Monday, February 09, 2009

Why Are the People the Only Focus?

Over the weekend, I enjoyed an interesting interview with a reporter from a national Catholic publication. The reporter was professional and thorough, and we covered many important issues on the topic of musical transitions in parish life. The idea was to cover the rationale and methods for moving from what is the status quo to something more in keeping with the tradition of the Roman Rite.

It was only after I got off the phone--the interview lasted about an hour--that something struck me. The interviewer and I were speaking two different languages. It didn't prevent us from communicating but there was certainly a gap throughout the entire conversation.

Let me give you a feel for this.

His questions mostly involved the people's response to change. How will the people respond to chant? Can the people sing Latin? Will people feel alienated by Latin? Do people have the capacity to make the Gregorian tradition their own? Will people miss their favorite groovy tunes from the 1970s? Will people feel that they are leaving behind something important to them? Will the people eventually warm up to plainchant? Do our parishes have the people necessary to sing polyphonic music and play the organ?

And so on.

These are all important questions. But are they the only questions?

In retrospect, I realize that while I answered these issues, I was continually returning to a slightly different focus. The chant is tied to the liturgy in an intimate way. It is about singing the Mass rather than some exogenous text. Plainchant has an upward lift the points out out time rather than a metric that keeps us grounded. Chant and its polyphonic elaboration is most fitting to the holy action at the altar, and makes the liturgical project true to itself. The focus of sacred music is always toward prayer and transcendent concerns. The Church recommends chant and grants it primacy among all music for a reason. The liturgical purpose of the chant is revealed in the music. It is the universal music of the Church so that our aesthetic is shared across time and space.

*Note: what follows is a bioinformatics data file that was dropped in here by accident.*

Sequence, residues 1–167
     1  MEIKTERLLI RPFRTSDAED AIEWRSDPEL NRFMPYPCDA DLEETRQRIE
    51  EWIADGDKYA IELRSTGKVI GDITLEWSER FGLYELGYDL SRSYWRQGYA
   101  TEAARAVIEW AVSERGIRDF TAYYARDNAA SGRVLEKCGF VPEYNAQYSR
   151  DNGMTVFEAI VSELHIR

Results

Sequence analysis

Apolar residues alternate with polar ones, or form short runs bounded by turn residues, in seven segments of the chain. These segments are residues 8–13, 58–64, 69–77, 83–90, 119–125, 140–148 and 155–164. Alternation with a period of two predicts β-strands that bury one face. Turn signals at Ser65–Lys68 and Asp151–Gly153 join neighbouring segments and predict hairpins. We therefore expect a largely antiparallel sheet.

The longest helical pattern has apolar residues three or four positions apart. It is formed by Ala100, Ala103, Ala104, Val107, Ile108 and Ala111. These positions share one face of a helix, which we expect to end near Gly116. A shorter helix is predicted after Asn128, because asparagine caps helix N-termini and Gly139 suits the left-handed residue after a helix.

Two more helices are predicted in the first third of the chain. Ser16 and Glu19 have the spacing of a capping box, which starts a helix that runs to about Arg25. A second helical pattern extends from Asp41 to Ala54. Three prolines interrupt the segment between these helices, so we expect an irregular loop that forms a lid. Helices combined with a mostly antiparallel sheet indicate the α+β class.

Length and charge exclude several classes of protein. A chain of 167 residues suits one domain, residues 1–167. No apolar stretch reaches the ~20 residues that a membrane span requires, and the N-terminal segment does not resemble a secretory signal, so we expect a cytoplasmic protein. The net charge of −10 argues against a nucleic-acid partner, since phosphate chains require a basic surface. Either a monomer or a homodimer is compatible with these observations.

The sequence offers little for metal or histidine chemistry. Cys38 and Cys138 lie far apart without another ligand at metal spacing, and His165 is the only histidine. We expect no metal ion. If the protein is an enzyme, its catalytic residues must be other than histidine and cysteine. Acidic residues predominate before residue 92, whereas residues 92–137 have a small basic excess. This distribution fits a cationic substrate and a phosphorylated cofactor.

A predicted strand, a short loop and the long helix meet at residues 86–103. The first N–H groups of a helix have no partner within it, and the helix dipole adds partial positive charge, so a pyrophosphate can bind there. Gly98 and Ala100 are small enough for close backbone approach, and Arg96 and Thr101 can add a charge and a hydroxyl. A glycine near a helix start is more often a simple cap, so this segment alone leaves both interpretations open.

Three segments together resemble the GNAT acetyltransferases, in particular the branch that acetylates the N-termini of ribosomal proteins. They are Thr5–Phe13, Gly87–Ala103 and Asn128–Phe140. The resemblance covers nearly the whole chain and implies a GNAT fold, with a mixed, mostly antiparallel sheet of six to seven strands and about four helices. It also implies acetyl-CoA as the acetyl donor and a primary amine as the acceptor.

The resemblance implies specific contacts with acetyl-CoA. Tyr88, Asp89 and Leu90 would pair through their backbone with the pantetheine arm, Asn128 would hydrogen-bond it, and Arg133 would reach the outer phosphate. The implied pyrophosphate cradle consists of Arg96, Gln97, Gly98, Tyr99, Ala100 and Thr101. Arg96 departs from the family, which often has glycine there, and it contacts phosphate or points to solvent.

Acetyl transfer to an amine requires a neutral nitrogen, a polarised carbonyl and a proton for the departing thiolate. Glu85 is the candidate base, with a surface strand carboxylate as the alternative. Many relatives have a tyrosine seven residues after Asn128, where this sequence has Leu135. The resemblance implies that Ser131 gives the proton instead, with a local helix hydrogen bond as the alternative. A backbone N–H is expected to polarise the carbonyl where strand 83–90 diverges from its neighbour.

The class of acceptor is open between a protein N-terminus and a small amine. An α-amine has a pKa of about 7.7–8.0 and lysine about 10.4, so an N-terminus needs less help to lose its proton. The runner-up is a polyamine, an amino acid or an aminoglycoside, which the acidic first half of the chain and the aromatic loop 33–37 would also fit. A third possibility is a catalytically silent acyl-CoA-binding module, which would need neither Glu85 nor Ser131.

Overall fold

And so on.

Do you see the difference in the way we approached these questions? I don't doubt that the "pastoral" dimension here is an important one. What happens at liturgy must indeed connect with people and assist in the formation of community. But sometimes the sole focus on what is pastoral can blind us to larger truths. Is pleasing the people the a primary aim or a secondary effect of integrity in the liturgical art?

In this writings, Benedict XVI has continually emphasized that to focus on the gathered community at the expense of the transcendent amounts to a distortion of the purpose of Catholic liturgy, the primary aim of which is not to foster a people-centered sense of unity. It is instead of lead a procession out of time and assist the prayerful encounter with the sacred. It is Christ who unites us, and Christ that must remain the center of our reform efforts.

No, I didn't make these points in the interview, though I should have. I found myself distracted by all the demands that the "reform the reform" camp come up with strategies that have popular appeal. I don't doubt that this is possible and necessary. But I question the single-minded focus on the anthropocentric aspect of the reform as if it is all that matters.

We've all attended religious gatherings in which we have felt a strong sense of community unity, and yet discover a certain lack of spiritual fulfillment in that idea alone. What precisely is the purpose of the unity? Or is this a goal that serves as the end point?

If we are to approach this subject with a true Catholic sense, we have to redirect our concern beyond earthly goals and look with humility and obedience to a higher purpose. Our faith makes a strong claim for the Mass and for our community prayerlife: in some ways, it is an impossible claim to believe so long as our hearts and minds are bound by practical and temporal concerns alone.

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